I WAS standing at the bar in The Pilot pub in Eastbourne with my pal Tim. I asked him: ‘What did you think of the revolution?’
‘Which revolution would that be then?’
‘The one we’ve just lived through.’
He looked at me as if was only 50 pence to the pound and asked me to tell him what the hell I was talking about. What follows is my attempt at an explanation …
You must have noticed the prevalent usage of the word must, as in, ‘the universities must do something to get rid of this cancel culture’. But they won’t.
Priti Patel must stop the sociopathic nutters in Extinction Rebellion and Insulate Britain gluing themselves to the motorways and stopping all the traffic. She won’t.
The schools must stop letting children as young as six decide to change their sex. They won’t. All this rewriting of history and turning heroes such as Francis Drake and Winston Churchill into villains and non-persons must come to an end. It won’t.
They’ve got to stop tearing down statues. They won’t.
D’you get the picture? Those things – and of course I could give you many more examples – were the works of the revolution, and now that it’s happened there’s no going back.
That’s what revolutions are like. The ideas behind them will obviously have been brewing for some time, but when it comes, the revolution breaks out suddenly and in next to no time its success is achieved.
I can offer a comparison which cannot be exact in every detail, but pretty damn close.
The Reformation of the 16th century broke upon the people of Europe with terrifying suddenness. All at once, or so it seemed, the cathedrals and parish churches were stripped of their vestments and ornaments.
Altars were broken up and the material used as paving stones. The Mass was banned and the severest penalties prescribed for those who tried to celebrate it in secret.
The liturgy was parodied and blasphemed as a pantomime was made of hoc est enim corpus meum – this is my body – which became hocus pocus. The Holy Communion Host and the wafers were abused in ways too foul to mention here.
Then as now, bewildered and frightened people exclaimed, ‘The authorities must …’ But the authorities didn’t. They couldn’t, for they were simply ignored. In truth, the authorities no longer existed. Or rather they had been replaced by a new form of authority.
What was then is now. In that horribly overworked phrase, we are in a new normal. The 16th century Reformation profoundly changed European civilisation. Now the cultural Marxism of Woke Revolution has conquered the whole of the Western world.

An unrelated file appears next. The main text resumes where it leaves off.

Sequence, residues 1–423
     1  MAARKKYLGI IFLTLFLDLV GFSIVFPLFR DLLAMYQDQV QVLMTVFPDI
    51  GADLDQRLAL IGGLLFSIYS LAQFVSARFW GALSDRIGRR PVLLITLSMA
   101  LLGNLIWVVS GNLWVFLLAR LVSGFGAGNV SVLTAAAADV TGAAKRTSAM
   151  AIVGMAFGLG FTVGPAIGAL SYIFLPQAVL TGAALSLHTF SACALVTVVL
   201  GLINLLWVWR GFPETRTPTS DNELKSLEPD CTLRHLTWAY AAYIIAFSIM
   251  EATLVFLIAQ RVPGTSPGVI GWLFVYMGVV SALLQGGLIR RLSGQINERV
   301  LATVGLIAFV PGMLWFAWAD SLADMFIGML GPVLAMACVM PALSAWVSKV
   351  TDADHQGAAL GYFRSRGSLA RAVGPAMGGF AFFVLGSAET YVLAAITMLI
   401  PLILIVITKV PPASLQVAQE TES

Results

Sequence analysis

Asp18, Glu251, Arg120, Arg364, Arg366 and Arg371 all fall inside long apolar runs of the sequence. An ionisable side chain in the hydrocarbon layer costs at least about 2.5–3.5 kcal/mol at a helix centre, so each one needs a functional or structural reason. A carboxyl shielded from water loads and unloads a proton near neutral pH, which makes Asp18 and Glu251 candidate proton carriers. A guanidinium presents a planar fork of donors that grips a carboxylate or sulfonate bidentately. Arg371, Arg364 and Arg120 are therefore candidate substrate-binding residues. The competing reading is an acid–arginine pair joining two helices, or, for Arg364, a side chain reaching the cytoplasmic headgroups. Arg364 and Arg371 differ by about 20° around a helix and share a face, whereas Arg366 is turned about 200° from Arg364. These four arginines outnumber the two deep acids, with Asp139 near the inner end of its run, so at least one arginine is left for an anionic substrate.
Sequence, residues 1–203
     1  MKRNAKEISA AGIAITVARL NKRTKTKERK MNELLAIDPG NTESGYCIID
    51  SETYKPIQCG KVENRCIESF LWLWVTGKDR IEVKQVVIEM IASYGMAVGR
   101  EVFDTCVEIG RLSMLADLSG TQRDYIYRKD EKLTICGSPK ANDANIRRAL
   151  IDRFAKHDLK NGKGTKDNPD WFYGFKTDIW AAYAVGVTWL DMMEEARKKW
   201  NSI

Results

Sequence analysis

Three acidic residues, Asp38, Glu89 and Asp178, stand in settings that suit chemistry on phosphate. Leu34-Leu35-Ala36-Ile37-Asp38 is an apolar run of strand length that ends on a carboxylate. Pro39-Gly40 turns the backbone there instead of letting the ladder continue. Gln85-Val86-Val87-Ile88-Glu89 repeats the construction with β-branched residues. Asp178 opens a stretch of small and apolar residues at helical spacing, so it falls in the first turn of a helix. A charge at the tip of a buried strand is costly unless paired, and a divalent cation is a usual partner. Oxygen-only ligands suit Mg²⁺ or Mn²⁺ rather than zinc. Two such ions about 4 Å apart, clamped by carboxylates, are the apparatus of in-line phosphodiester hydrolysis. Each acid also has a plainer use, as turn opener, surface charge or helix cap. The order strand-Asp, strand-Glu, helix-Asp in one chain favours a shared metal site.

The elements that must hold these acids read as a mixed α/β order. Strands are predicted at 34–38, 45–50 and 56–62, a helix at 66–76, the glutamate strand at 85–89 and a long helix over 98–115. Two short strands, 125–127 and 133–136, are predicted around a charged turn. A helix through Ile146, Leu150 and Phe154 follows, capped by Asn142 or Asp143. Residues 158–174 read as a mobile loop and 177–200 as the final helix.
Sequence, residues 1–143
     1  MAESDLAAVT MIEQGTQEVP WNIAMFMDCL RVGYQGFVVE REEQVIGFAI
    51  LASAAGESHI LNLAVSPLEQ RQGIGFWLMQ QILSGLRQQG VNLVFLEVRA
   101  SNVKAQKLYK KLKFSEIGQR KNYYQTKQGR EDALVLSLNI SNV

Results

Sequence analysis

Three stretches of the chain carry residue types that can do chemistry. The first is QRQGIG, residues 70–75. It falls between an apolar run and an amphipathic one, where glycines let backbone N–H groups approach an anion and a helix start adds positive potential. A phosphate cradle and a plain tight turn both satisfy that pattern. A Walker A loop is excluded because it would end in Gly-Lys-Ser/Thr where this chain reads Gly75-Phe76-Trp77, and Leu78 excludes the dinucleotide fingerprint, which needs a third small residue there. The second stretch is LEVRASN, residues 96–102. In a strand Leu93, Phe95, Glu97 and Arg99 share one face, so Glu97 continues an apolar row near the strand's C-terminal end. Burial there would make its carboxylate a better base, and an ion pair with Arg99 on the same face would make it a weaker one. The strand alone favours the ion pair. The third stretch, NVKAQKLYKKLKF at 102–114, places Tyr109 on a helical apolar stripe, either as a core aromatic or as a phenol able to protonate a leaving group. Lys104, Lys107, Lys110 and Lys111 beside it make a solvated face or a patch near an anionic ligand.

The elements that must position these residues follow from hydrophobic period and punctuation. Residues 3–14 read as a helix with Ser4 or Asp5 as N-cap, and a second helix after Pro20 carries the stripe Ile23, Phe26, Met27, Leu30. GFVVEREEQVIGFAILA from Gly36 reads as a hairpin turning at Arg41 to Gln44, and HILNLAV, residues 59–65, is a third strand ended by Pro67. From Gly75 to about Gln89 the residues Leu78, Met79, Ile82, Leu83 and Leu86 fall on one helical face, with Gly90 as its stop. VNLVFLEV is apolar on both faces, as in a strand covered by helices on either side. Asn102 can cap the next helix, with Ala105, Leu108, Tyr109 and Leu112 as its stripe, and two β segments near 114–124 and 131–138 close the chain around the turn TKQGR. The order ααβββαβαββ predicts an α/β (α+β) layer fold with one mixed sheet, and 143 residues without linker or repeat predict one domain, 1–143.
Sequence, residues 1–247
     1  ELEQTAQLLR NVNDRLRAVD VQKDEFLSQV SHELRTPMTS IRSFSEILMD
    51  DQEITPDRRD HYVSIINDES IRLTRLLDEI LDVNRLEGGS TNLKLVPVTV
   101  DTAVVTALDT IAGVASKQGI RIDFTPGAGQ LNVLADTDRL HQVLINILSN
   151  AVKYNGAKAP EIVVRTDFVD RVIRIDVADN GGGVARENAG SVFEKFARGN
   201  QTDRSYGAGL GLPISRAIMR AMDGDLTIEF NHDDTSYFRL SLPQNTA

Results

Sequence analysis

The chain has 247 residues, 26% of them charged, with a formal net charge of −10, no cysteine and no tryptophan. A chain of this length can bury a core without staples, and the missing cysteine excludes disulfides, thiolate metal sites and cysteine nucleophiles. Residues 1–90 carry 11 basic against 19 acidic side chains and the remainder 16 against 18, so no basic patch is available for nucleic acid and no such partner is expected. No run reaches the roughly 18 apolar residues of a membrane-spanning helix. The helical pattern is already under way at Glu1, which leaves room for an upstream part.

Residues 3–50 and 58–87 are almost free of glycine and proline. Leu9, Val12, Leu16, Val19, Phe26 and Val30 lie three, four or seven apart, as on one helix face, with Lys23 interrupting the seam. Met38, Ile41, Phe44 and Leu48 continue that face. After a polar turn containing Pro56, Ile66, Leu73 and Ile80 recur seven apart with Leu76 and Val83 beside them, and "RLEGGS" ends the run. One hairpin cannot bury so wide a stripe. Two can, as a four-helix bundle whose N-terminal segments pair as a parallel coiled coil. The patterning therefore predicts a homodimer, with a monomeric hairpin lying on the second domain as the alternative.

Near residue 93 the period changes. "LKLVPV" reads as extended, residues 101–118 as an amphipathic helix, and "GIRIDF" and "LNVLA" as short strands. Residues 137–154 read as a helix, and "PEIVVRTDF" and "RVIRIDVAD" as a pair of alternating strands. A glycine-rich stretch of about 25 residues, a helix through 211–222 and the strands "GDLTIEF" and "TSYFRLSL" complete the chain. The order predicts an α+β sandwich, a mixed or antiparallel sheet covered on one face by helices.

It is endemic and it will not go away. All those activities I mentioned at the start of this article are going to be with us for the foreseeable future. And look out, for they will intensify and get much worse.
The Europe of 1561 was unrecognisable to those born earlier in that century. Similarly, the world we now inhabit is nothing like the world we lived in before – so to speak – a week last Tuesday.
Those fomenting ideas have solidified and become embedded. They were the ideas of the cultural Marxists: Lukács, Adorno, Herbert Marcuse and the iconoclastic Frankfurt School. These ideas represent the long march that has taken place through all the institutions of politics and public life.
In the 1960s the radical Charles Reich prophesied and explained it far more succinctly than I can: ‘There is a revolution coming. It will not be like revolutions of the past. It will originate with the individual and with culture, and it will change the political structure only as its final act.
‘It will not require violence to succeed and it cannot be successfully resisted with violence. It is now spreading with amazing rapidity and already our laws, institutions and social structures are changing in consequence.’
For those with a yen for technical terms, I have one readily to hand. The phrase is T S Eliot’s the dissociation of sensibility. There was our familiar sensibility, our Blik, our Weltanschauung, our perspective on the world. It has gone, vanished, been destroyed. And there is no more hope of our getting it back than that of the little boy who has seen the toy boat he made out of yesterday’s newspaper go over the weir.
That little lad is in tears. And so am I.